Starting on a shoestring: 5 crowdfunding tips to kickstart your business
Pippa Murray, of shed start-up Pip & Nut, shares her advice on raising finance following her first week of crowdfunding...
It was a totally exhilarating moment when Pip & Nut went live on equity crowdfunding platform Crowdcube. Months of hard work were suddenly released to the general public at a click of a button.
And, it was in that moment, when I finally saw my business up on the site, and sat there eagerly waiting for the first investor to bite, that I became acutely aware that it was sink or swim time. Thankfully, and with a sense of relief and astonishment, I can say that Pip & Nut hit the 100% funded mark in the first eight days of the pitch going live.
Having successfully lined up some larger bits of investment in advance and by sheer fluke, and good timing, such as landing features in two national newspapers on the morning the campaign went live, Pip & Nut’s pitch got off to a flying start. It was able to carry with it that momentum to achieve the funding target and am now overfunding. Reflecting back on my first week of crowdfunding it’s certainly been a whirlwind and an incredibly positive experience. Therefore I thought I’d share some tips from my experiences of equity crowdfunding for those on the cusp of a fundraising effort.
1. Be prepared and available to answer lots of questions
Understandably people will want more detail about your business then what’s presented on the pitch and business plan – in the first few days be prepared for a lot of e-mails to hit your inbox. One way that I managed avoided feeling totally swamped was by doing some prior research on other crowdfunding pitch forums to get a sense of the standard questions that crop up from investors and drafting a response in advance. Time and time again investors would ask about how the company had come up with their valuation. By doing this prep it enabled me to have the answer to hand so that I could quickly fire the answer back to the interested investor with a considered reply, even during the flurry of the campaign.
2. Create an opportunity for investors to meet you early in your campaign
By offering an opportunity for online investors to meet you early on in your campaign, you encourage those who are interested to hop off the fence and invest before they get distracted by something else. Furthermore not only is it a good opportunity for investors to ask you questions directly, and in my case sample the products, but it’s great for you to meet them face-to-face. Since the pitch is online most investors use discrete usernames which makes it pretty anonymous. By speaking to potential investors in person you can gain useful insights into their backgrounds and experience and find out how this might be useful to your business should they invest.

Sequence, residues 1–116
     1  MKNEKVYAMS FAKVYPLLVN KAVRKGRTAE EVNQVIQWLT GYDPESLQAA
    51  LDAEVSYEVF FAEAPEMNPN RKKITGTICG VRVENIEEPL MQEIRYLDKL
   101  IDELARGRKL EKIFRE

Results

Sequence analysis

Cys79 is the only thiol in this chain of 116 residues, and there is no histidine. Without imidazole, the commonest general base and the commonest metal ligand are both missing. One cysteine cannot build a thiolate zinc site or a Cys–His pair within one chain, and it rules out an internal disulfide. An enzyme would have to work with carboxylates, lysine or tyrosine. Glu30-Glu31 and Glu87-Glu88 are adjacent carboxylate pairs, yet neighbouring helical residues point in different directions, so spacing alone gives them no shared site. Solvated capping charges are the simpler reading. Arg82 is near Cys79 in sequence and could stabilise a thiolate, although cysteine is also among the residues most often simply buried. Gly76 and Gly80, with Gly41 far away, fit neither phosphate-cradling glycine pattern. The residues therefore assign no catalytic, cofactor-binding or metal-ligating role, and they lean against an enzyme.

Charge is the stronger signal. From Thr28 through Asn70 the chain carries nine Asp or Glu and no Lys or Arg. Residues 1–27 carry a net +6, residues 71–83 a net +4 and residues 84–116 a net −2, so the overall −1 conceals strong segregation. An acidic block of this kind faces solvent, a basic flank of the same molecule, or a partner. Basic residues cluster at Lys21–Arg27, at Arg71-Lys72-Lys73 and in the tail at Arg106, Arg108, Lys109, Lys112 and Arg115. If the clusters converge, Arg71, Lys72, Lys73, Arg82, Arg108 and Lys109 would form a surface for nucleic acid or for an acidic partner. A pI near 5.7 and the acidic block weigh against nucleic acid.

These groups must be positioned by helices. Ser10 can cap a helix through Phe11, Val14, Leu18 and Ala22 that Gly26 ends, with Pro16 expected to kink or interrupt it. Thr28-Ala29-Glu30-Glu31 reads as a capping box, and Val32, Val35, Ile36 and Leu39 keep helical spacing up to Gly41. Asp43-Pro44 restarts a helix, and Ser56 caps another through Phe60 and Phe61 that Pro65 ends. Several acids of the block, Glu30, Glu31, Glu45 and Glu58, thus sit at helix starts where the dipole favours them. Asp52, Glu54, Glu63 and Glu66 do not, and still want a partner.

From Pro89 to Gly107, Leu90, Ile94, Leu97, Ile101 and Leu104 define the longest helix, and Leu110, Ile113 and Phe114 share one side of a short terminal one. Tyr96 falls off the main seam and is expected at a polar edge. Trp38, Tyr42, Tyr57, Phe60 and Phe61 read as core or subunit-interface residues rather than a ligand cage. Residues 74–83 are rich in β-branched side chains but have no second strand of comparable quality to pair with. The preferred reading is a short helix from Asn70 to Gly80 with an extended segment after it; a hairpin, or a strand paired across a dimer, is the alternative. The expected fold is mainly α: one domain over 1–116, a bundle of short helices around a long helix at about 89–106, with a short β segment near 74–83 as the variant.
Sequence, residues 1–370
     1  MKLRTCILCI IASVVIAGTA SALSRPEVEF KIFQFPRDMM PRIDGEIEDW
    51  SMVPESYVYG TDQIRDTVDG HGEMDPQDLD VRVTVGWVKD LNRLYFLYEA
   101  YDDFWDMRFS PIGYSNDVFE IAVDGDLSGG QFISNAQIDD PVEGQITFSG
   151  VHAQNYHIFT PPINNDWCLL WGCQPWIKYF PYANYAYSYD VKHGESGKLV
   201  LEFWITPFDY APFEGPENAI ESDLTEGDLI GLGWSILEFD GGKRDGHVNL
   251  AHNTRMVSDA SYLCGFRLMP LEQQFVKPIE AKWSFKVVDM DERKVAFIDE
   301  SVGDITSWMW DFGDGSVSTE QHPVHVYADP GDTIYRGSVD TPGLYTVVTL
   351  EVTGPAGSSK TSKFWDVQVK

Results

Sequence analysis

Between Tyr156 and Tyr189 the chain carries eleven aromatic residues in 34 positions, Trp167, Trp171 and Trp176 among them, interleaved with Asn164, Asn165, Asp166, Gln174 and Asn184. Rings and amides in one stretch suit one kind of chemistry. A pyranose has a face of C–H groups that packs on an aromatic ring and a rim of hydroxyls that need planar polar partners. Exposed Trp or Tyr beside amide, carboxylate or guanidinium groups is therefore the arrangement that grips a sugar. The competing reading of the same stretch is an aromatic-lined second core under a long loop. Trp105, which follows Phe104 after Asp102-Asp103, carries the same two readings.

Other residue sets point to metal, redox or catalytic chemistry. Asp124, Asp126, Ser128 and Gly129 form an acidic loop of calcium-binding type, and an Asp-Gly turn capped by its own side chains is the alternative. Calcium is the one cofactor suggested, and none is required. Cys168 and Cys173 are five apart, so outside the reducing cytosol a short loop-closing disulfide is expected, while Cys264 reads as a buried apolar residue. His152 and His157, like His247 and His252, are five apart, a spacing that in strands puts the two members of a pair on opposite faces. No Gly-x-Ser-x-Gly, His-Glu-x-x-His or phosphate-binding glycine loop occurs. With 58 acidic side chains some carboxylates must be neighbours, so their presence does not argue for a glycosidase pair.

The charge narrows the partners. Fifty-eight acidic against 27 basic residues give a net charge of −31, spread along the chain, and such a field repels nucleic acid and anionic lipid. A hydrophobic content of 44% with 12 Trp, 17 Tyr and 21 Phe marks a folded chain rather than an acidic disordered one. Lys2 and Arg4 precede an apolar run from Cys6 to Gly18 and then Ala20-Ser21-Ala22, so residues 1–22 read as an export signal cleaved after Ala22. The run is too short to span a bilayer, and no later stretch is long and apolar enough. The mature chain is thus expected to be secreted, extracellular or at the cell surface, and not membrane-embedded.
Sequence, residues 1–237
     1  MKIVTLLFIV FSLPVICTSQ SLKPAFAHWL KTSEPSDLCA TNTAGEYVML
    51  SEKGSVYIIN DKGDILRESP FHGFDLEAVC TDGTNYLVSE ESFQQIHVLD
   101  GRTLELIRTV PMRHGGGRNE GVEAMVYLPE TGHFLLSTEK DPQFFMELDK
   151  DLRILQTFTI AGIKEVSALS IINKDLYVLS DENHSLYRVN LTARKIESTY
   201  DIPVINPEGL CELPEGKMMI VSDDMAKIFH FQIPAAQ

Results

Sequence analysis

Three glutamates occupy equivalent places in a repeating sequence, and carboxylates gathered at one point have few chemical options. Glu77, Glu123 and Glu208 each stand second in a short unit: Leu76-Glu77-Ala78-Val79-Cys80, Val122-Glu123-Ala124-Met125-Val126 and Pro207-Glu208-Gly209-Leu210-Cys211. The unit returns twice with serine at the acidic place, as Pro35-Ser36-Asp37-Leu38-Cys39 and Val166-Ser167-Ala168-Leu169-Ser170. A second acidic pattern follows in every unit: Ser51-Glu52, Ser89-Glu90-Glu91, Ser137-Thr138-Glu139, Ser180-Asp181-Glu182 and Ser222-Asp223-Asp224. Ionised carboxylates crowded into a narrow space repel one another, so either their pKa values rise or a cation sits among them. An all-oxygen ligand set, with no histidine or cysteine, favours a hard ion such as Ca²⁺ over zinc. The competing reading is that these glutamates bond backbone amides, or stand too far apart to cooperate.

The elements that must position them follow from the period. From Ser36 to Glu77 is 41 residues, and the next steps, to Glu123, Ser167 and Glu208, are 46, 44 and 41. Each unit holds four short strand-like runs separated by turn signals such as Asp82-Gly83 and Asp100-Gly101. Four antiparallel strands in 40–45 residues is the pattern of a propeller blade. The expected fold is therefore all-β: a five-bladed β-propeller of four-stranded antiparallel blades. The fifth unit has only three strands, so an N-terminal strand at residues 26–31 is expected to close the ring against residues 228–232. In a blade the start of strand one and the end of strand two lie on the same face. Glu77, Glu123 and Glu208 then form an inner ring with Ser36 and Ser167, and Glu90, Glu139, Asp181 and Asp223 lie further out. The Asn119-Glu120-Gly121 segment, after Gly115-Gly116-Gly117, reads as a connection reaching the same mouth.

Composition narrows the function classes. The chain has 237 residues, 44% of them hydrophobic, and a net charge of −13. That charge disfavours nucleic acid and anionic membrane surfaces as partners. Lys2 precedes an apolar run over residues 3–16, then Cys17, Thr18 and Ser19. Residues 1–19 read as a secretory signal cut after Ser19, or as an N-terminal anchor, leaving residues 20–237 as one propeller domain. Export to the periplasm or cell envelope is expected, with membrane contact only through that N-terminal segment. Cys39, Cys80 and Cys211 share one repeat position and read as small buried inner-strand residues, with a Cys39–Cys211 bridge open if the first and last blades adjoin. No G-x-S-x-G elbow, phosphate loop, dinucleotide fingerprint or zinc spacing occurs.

3. Explain crowdfunding and SEIS tax breaks
It’s important to remember that not everyone you speak to about your crowdfunding campaign, especially those that aren’t in the start-up world, will a.) know what crowdfunding is, and b.) be aware of just how amazing the Seed Enterprise Investment Scheme (SEIS) tax break is. Although it’s fairly common place terminology when you speak to other start-ups and professional investors, I sometimes forget that the average person may never have heard about this new form of tax break. Many do not know that by investing in a company that qualifies for SEIS, they will receive 50% of their investment back through tax breaks. Taking the time to explain both these terms will help you secure funds from your own network.
4. Don’t lose sight of the other aspects of your business
As the percentage increased I found I became completely addicted to refreshing the page and checking the pitch stats to see how Pip & Nut’s crowdfunding campaign was doing. And whilst it’s vital to keep a close eye on your e-mails and to be as responsive to investors as possible, it’s also important to keep all the other plates spinning in your business too. By switching myself off from the pitch and allotting times during the day to go back and review it, I was able to focus on all the other aspects of the company that needed my attention. Although it felt like I was neglecting the campaign, one of the best ways to encourage further investment is to update investors on new developments in the business, whether that be securing a new customer or finishing off the product design.
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5. Expect surprises
Don’t expect things to go exactly to plan. I found that interested investors would take a long time to get back to me, or not at all. Some days were slower than others, and I was asked some difficult questions. I found it was important to remind myself to keep looking forward, be pro-active and positive. Even if things seemed like they weren’t going my way, just round the corner a person I spoke to about the Pip & Nut campaign would surprise me and invest – it’s excitingly unpredictable. For more updates from Pippa and her shed start-up follow her on Twitter or Facebook or read her first and second blog for Startups.